Cook County Jail has the same policy for the same reasons.

“Weapons in a correctional [facility] compromise the safety of officers and inmates,” a spokeswoman for the jail said.

Anyway, nothing ended up happening with the weapons, but Dunlap ended up suspending his deputy, Brenda Welch, for a week without pay for the breach.

“It was a boneheaded decision,” Dunlap said. “Weapons are supposed to be checked. . . . They all know that. . . . I would’ve suspended my own mother.”

Welch told us, “I take full responsibility for the incident. The police officers were escorted by me, an attorney and an investigator at all times.”

Dunlap, however, lays some of the blame on the police, who he said should’ve known better. Chicago police spokesman Martin Maloney said he was unaware of the incident, and added that no officers have been disciplined. The Fraternal Order of Police, which represents most Chicago cops, also had no information to share on this.

Changing of the guard

For all the recent troubles at the juvenile center – including another incident, in September, in which a guard body-slammed a detainee, prompting the guard’s arrest – most agree that conditions have improved.

For decades, the detention center was under the control of Cook County government, and was a patronage haven staffed by many employees with little training on how to deal with minors accused of crimes.

Prompted by these problems and others, the American Civil Liberties Union filed a federal lawsuit in 1999 against Cook County, alleging the government agency wasn’t providing adequate safety and care for the youths in the detention complex.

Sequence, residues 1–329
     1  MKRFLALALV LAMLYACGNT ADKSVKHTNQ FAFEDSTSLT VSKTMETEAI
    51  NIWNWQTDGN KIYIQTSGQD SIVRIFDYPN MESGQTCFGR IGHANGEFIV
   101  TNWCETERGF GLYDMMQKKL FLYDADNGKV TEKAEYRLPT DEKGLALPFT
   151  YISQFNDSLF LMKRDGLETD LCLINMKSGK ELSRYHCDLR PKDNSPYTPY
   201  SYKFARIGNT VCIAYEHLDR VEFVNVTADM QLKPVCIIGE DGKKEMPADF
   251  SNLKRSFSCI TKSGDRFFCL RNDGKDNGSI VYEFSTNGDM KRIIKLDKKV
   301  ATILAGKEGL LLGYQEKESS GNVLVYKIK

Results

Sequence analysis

Chief Cook County Judge Timothy Evans / Photo courtesy of Richard A. Chapman, Sun-Times files

Stemming from that suit, Cook County – under then-Board President Todd Stroger – agreed to step back from overseeing the facility. The court appointed Dunlap in 2007 to run things until the Circuit Court could assume control, under Chief Judge Timothy Evans. In other counties, it’s typical for the courts – rather than elected politicians – to oversee juvenile jails.

The federal court (via U.S. District Judge James Holderman, whose office declined comment) has ultimate say on when Dunlap leaves and Evans takes control, and some expect a decision by the end of the year.

Dunlap told us he’s worried Evans isn’t ready for the task, and that reforms Dunlap implemented might be undone as a result.

Evans said that any delays are because of Dunlap, and the judge added that he knows who he wants to run the center next.

Dunlap said he’s not only improved programming for detainees, he’s improved staff training and stepped up discipline, eliminating an eight-month backlog of complaints against employees.

“This stuff is going to return really quickly if people are not proactive,” Dunlap said. “If they spend the next two years negotiating union contracts and aren’t able to get vacancies filled or discipline people quickly, they’re going to be back in the soup again.”

Dunlap added: “When I walked in this place was like the gates of hell. I just fear what’s going to happen is [the facility will] go back into isolation.”